Would you eat a python to save the Everglades?
There's a catch. The pythons might be toxic.
Floridians could begin seeing a new slithery item on their menus — Burmese pythons. The invasive species is so out of control in the state that the government may begin encouraging the new meal as a way to help keep the snake's numbers under control, as long as they aren't filled with toxic mercury.
Before the recommendation, though, the Florida Fish and Wildlife Conservation Commission (FWC) has teamed up with the Florida Department of Health to find out if the mercury levels in pythons are safe to consume.
If that's the case, python hunter Donna Kalil is already ahead of the game. She hunts pythons for the South Florida Water Management District and estimates that she's eaten a dozen pythons over the last three years or so, according to the South Florida Sun Sentinel.
"It's a wonderful tasting meat," Kalil told the Sentinel. She describes it as an "acquired thought process" more than an "acquired taste."
Related: 7 shocking snake stories
The python problem
Burmese pythons became established in the mid-1990s in the Everglades National Park, in South Florida, likely as released or escaped pets and then became invasive, according to the FWC. A species becomes invasive when it ends up somewhere it shouldn't, due to humans, and upsets the balance of its new ecosystem, which has not evolved to cope with alien invaders, Live Science previously reported.
Recent data suggests the population of pythons is expanding north and west within the Sunshine State. The longest Burmese python captured in Florida was over 18 feet (5.4 meters) long. Typically, they average between 6 and 9 feet (1.8 and 2.7 m). Due to their large size, the snakes have few predators and will consume a variety of animals, including mammals, birds and even alligators. Some of these prey are threatened or endangered native species, according to the FWC.
It's not unheard of for an invasive or just pesky species to be eaten as a means of controlling their populations. In Florida, the non-native lionfish and wild boar can be consumed for example. Even iguanas have been dubbed the "chicken of the trees," with the University of Florida publishing recipe ideas. So what is different about pythons?
Python meat may be particularly vulnerable to mercury contamination, which poses a threat to human health.
Mercury is a naturally occurring element in Earth's crust but human activities, such as mining and burning fossil fuels, have led to high levels of mercury being released into the atmosphere. It is then carried back to Earth through rainfall. Mercury pollution in the Everglades is especially high as water evaporating off its lush vegetation leads to the formation of giant mercury-absorbing rain clouds hovering above the area for most of the year, Live Science previously reported.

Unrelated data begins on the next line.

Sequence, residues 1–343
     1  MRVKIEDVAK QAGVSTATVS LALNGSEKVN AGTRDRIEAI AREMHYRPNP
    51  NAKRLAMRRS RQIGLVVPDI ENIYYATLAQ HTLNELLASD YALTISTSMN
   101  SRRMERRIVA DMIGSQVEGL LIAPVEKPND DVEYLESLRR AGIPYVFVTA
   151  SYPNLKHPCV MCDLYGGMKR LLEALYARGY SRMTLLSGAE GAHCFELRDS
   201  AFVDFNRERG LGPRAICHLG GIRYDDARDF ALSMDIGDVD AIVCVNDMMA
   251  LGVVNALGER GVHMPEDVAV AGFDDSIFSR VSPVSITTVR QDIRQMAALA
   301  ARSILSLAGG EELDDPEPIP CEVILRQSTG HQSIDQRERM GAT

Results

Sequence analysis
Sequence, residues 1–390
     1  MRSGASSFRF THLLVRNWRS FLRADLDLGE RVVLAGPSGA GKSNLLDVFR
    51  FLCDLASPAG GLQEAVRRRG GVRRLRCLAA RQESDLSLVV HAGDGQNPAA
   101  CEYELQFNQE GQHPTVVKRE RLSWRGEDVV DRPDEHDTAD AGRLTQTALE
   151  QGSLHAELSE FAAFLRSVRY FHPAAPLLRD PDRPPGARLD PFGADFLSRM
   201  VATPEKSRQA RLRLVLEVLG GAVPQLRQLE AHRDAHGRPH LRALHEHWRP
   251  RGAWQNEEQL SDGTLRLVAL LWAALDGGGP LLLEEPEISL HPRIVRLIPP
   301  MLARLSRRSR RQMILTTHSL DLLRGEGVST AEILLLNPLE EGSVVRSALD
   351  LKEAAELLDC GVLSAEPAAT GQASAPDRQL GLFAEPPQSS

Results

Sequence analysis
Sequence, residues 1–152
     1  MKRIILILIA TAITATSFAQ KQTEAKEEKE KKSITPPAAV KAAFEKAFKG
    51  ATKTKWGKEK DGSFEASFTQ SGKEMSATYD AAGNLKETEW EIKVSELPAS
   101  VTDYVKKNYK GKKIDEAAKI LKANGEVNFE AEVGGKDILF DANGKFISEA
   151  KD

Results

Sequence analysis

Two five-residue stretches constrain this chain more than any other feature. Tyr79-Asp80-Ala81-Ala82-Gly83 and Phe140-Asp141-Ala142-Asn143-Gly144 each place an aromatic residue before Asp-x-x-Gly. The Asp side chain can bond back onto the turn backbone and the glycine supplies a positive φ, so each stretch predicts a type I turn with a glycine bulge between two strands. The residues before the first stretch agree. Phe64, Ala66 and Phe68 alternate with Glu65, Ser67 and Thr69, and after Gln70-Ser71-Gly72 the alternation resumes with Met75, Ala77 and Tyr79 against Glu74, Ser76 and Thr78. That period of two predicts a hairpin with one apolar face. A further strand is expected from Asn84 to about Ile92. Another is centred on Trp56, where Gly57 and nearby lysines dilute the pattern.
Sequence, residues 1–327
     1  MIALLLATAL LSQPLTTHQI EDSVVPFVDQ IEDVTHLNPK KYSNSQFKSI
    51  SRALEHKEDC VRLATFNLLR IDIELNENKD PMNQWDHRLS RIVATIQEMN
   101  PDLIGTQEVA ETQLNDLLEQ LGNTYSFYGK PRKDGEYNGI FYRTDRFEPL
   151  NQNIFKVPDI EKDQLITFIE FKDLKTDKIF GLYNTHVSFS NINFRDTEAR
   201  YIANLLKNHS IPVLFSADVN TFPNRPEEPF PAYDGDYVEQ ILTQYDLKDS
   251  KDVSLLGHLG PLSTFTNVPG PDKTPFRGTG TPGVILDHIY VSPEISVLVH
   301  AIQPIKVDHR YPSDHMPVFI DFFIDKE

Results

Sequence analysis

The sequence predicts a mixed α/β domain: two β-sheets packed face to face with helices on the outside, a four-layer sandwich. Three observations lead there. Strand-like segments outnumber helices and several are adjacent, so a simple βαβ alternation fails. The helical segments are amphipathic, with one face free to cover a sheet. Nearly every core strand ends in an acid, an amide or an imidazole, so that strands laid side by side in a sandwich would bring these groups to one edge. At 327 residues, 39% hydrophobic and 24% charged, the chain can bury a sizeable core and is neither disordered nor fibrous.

When mercury enters our freshwater and seawater systems, certain microorganisms can pick it up and convert it into methylmercury. This form builds up in the food chain as one contaminated animal is eaten by another. For a giant snake, cruising through mercury-infested swamps eating almost anything that moves, the risk of contamination is very real.
Some of the pythons found in the Everglades have previously registered "strikingly high levels of mercury," more than double what the state of Florida considers safe for edible fish, Live Science previously reported. If consumed by humans, mercury poisoning may cause various conditions, including neurological and chromosomal problems and birth defects.
In the new research, scientists will measure mercury levels in tissue from captured pythons. The objective of the study is to develop and share "consumption advisories for Burmese pythons in South Florida to better inform the public," FWC wildlife commission spokeswoman Susan Neel told CNN.
If you are worried about Kalil, who eats python several times a week, you needn't be. Her daughter bought her a mercury-testing kit to confirm the snakes she eats are safe, according to the Sentinel.
Originally published on Live Science.
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Patrick Pester is a freelance writer and previously a staff writer at Live Science. His background is in wildlife conservation and he has worked with endangered species around the world. Patrick holds a master's degree in international journalism from Cardiff University in the U.K.
By Robert Lea